For those wanting to cut to the chase, the last paragraph explains that you can now read my blog at http://realityme.net/ with post feeds at http://realityme.net/feed/ and comment feeds at http://realityme.net/comments/feed/. The http://blog.siliconholler.com/ links also still work.
Client: "My email address is firstname.lastname@example.org."
Doug, long sigh once again pondering why he hasn’t written this down: *gives viral marketing speech* *gives who controls your business speech*
The viral marketing speech goes something like this: Every time you send an email you are sending an advertisement for whoever is on the right side of the @ symbol in the email address. That means email@example.com is advertising America Online with every email sent. Even non-techies and computerphobes know they can decompose an email address from firstname.lastname@example.org to http://www.aol.com/ to see the business’ website. Instead, this person should buy the domain http://irunmyownbusiness.com/ (domain names are cheap now-a-days: $5.99/yr).
Who controls your business? You should but when you are email@example.com you are letting AOL control your business. If you quit using AOL and relied solely upon Comcast your email address would change from firstname.lastname@example.org to email@example.com. Nothing sent to firstname.lastname@example.org would forward to email@example.com. Instead the mail would bounce (get returned to the sender) and your customers would go elsewhere. If AOL’s mail servers have problems, you cannot do anything. If you own your own domain like http://irunmyownbusiness.com/ then you can create as many email addresses as your hosting plan permits (usually in the thousands). So you can have firstname.lastname@example.org and email@example.com and so forth. If your host (the company you rent computer space from and houses your domain) starts having problems you can move to a different webhost and your clients will never know because the client/user looks at irunmyownbusiness.com regardless of which computer serves that domain’s website and email.
More on who controls your business? If you have a domain name, then you can rent some server space (this is called hosting) and setup a website, email addresses, and more. However, instead of spending the $5.99/yr plus hosting fees for http://irunmyownbusiness.com/ many people choose to go with free services like http://korrnet.org/ (now wisely using a better domain name http://discoveret.org/). These free services often put your domain as a tertiary domain to theirs so you become http://irunmyownbusiness.korrnet.org/ which means that at any point in time if korrnet.org goes out of business or changes their domain name that your business suffers. Same thing with services that provide you a domain name as http://discoveret.org/irunmyownbusiness. You are not in control and you are advertising their business.
Let’s talk advertising. Your domain name should be everywhere! It should be on your business cards. It should be in your voicemail greeting. When you shake someone’s hand you should declare "My domain is irunmyownbusiness.com!" It should be on your letter head (you do still send letters right?) and it should be in the email signature of every email you send (in addition to being part of the email address). It should be on your billboards and in your print and television ads. Put it everywhere! Tattoo it on your forehead. Now let’s justify spending the $42 per year by pointing out the savings on printing alone. If you have given out business cards with firstname.lastname@example.org and change to email@example.com or firstname.lastname@example.org then ALL your old print material is wasted and you have to spend a few hundred dollars reprinting. That business card sitting on someone’s desk for a year has a bad email address and you have lost a potential client. If you had printed on the business card email@example.com and you changed hosting from one webhost to another you do not have to reprint anything and you haven’t lost potential clients!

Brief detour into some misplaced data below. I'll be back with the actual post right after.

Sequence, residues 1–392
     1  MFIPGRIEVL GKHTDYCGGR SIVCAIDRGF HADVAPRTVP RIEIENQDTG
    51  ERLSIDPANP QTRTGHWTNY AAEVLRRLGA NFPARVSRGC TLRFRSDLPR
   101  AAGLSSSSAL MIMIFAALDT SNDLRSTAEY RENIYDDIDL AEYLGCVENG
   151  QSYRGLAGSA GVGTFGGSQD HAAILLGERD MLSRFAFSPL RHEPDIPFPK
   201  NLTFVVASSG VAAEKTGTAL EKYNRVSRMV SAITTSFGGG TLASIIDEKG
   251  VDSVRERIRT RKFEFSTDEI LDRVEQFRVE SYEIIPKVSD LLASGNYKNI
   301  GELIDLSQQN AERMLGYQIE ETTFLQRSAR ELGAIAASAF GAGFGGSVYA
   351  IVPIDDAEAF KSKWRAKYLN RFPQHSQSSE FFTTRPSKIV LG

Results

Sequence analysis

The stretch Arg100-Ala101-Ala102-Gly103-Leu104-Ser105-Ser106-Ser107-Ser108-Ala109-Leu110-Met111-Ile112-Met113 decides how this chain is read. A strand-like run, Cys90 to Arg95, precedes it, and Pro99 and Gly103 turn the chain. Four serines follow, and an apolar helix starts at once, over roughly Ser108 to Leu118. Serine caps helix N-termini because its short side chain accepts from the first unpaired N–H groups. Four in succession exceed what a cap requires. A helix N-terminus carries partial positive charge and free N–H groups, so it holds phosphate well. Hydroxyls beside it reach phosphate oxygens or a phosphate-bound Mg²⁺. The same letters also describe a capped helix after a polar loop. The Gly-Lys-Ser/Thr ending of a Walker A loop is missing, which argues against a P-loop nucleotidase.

And a stylistic note. A domain name should not be confusing. http://dashes-and_underscore-makeaconfusingdomainname.com/ Ideally a domain name should be meaningful. http://blog.siliconholler.com/ does not relate to Reality Me. That said, meaningful domain names are sometimes hard to come by. A squatter has http://realityme.com/ for instance. http://www.mccaughan.com/ is not me or any of my family to the best of my knowledge. So, when a meaningful name cannot be acquired, get a memorable name.
It pains me to see people using access provider email addresses such as firstname.lastname@example.org and email@example.com to represent themselves professionally. There is so much benefit that can be had from your own domain name for $5.99 a year and a cheap hosting plan around $2.99 per month. For those slow on the math that $41.87 per year (probably tax deductible).
And on following my own advice? I own http://siliconholler.com/ and set my blog up as http://blog.siliconholler.com/ but this both goes against my own advice and is a confusing domain name. Additionally, it does not match the title of my blog "Reality Me." So, I finally listened to myself and now have the blog under http://realityme.net/.